Hank Kuphne has already weathered the pressures of family success and a bout with alcoholism. Now the 23-year-old is poised to take on the world’s best golfers.

NOT SO LONG AGO, TENNIS FANS MARVELED at the brute strength of Venus Williams and swore the teenage wonder couldn’t be beat. Now they count the days until younger sister Serena, who lost a close match to Venus in March, knocks her off her pedestal in an all-Williams final. While Vince DiMaggio blazed a trail for his family, it is his younger brother, Joe, who is in the Baseball Hall of Fame. Beau Bridges landed his first roles as a teenager, but it was younger brother Jeff who wound up with Michelle Pfeiffer in The Fabulous Baker Boys. Their careers have followed a similar story line.

Dallas golfer Hank Kuehne knows the dynamics of sibling rivalry as well as anybody. He knows that, in competitive families, it is often the last in line who is supposed to do the most-and he’s ready to prove himself worthy.

Kuehne was as prepared as anyone could have been when he reached the final of the U.S. Amateur golf tournament last summer. He will be equally well-grounded for the career that awaits. The SMU senior is expected to step away from his family’s rich legacy in amateur golf in June or July, jumping into the bubbling cauldron of talent and dreams, fortunes and ego-crushing disappointments that is the world of professional golf.

No one can say how he will do as a pro. But those who know the game expect him to arrive with both the flourish of advance billing (and multi-million-dollar endorsement contracts) and enough game to prove that he belongs on the same course as the world’s best players.

NBC analyst Johnny Miller gushes about the way the big kid overpowered the forbidding Oak Hill Country Club, a beast of a course where the old guard of American golf-guys like Curtis Strange, Ben Crenshaw, and Corey Pavin-was reduced to tears in the 1995 Ryder Cup. Hank Haney, the leaching pro whose overhaul contributed to Mark O’Meara winning the Masters and the British Open last year, says Kuehne has a chance to make the biggest splash in pro golf since Tiger Woods. All this for a college senior who’s had to battle not only the pressures of family rivalry but also afar more serious struggle with alcoholism. In his 23 short years, Kuehne has overcome more demons than some people can in a lifetime.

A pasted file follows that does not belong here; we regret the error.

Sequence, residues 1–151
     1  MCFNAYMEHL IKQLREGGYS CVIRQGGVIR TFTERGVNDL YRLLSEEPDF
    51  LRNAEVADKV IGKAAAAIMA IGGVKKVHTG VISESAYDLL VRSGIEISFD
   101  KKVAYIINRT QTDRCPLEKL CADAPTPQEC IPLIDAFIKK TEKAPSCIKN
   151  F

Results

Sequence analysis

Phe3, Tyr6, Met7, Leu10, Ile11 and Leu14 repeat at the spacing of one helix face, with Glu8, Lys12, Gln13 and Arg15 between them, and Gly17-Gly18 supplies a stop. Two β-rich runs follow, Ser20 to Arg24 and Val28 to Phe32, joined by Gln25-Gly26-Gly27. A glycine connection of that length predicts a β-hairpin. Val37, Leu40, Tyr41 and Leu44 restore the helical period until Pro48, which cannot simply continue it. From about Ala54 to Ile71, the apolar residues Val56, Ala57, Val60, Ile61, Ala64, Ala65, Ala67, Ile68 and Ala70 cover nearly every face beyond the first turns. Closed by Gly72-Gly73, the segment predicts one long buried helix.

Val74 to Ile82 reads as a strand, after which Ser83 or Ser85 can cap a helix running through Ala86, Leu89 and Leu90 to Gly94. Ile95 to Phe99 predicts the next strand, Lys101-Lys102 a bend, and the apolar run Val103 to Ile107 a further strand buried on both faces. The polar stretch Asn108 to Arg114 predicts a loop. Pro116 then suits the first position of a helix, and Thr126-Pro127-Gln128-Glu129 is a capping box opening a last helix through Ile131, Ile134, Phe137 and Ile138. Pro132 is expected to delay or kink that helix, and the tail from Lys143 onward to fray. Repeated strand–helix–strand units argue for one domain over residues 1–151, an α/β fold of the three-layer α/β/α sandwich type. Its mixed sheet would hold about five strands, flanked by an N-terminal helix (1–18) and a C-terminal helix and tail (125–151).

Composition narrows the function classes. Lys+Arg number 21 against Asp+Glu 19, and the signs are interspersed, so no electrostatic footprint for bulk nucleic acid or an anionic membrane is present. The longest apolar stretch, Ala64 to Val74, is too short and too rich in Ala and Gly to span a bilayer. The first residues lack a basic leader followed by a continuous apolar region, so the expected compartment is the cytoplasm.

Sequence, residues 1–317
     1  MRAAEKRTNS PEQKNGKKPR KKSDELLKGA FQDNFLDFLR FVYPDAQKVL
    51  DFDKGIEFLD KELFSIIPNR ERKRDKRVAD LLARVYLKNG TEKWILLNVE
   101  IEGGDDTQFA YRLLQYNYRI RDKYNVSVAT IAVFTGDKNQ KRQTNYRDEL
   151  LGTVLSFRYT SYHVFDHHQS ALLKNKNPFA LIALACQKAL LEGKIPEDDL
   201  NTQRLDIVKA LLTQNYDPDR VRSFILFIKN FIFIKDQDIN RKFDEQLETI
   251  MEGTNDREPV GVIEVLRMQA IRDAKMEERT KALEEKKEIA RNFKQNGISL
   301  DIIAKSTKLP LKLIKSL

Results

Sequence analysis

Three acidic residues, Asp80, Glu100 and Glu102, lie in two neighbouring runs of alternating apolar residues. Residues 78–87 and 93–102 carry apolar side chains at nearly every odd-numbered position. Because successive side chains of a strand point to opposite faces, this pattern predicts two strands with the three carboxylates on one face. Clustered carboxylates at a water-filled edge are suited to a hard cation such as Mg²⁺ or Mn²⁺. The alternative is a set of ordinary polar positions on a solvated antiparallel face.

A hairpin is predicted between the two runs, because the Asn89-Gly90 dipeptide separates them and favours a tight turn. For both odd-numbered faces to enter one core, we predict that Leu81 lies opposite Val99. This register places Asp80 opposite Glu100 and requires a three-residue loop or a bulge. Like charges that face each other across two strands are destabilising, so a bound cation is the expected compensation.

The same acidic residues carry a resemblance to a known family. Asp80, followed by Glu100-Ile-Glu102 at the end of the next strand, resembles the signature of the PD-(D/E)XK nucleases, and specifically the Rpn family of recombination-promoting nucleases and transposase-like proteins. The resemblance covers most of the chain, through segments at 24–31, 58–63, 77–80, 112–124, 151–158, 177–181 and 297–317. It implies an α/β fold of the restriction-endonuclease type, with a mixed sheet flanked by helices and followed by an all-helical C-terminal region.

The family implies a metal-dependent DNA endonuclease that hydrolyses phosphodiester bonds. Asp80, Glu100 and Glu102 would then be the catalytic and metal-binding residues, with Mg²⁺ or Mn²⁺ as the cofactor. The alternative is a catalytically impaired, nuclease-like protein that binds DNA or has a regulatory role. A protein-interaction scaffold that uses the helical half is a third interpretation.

FOR ALONG TIME, HANK KUEHNE WATCHED from the wings as first older brother Trip and then younger sister Kelli climbed to the top of junior golf. Trip, the eldest of the Kuehne kids-the progeny of a hard-driving lawyer from Dallas, Ernie, and his nurturing wife, Pam-had Woods on the run in the final of the 1994 U.S. Amateur. Trip was four up after 18 holes in the 36-hole final at the TPC at Sawgrass. But Woods ran off enough birdies down the stretch to take the prestigious title away. It was a bitter defeat, and a lesson that was felt by the entire family. Kelli Kuehne would not leave the same margin for late-arriving heroics when she reached the final of the Women’s Amateur. She put away older opponents with precision in ’95 and ’96, becoming only the third woman since 1940 to win back-to-back Amateurs.

So, Hank was ready when his turn came at Oak Hill. “He had been on the cusp a long time,” says Trip, who opted for a career as a financial analyst rather than a pro golfer. “It’s like now he can stand up and shout, “Hello, world. I’m Hank Kuehne and I’m the best player in the family!’ And he is.”

In five preliminary matches. Hank played so well that he never even had to play the 18th hole. Every opponent was eliminated by the time he left the 17th green, if they had survived even that long. In die final, he hit so many quality shots that it didn’t matter when 44-year-old petroleum salesman Tom McKnight sunk enough long putts to span the distance of the Alaskan pipeline if they were laid end to end.

McKnight was four down through 16 holes before his berserk putting allowed him to win five holes in a seven-hole stretch. Kuehne, who had Trip carrying his bag, did not flinch: He strung together six of the most determined pars in his life. The salesman couldn’t keep up, falling into a three-down hole he could not escape.

On die 17tfi hole, Kuehne went for the kill. He rejected conventional wisdom to hit his driver on the tight par-4 hole, smashing a blast that faded just right to get around the dogleg. He had only a wedge left on the 458-yard hole, and he knocked it to nine feet. That was the ballgame.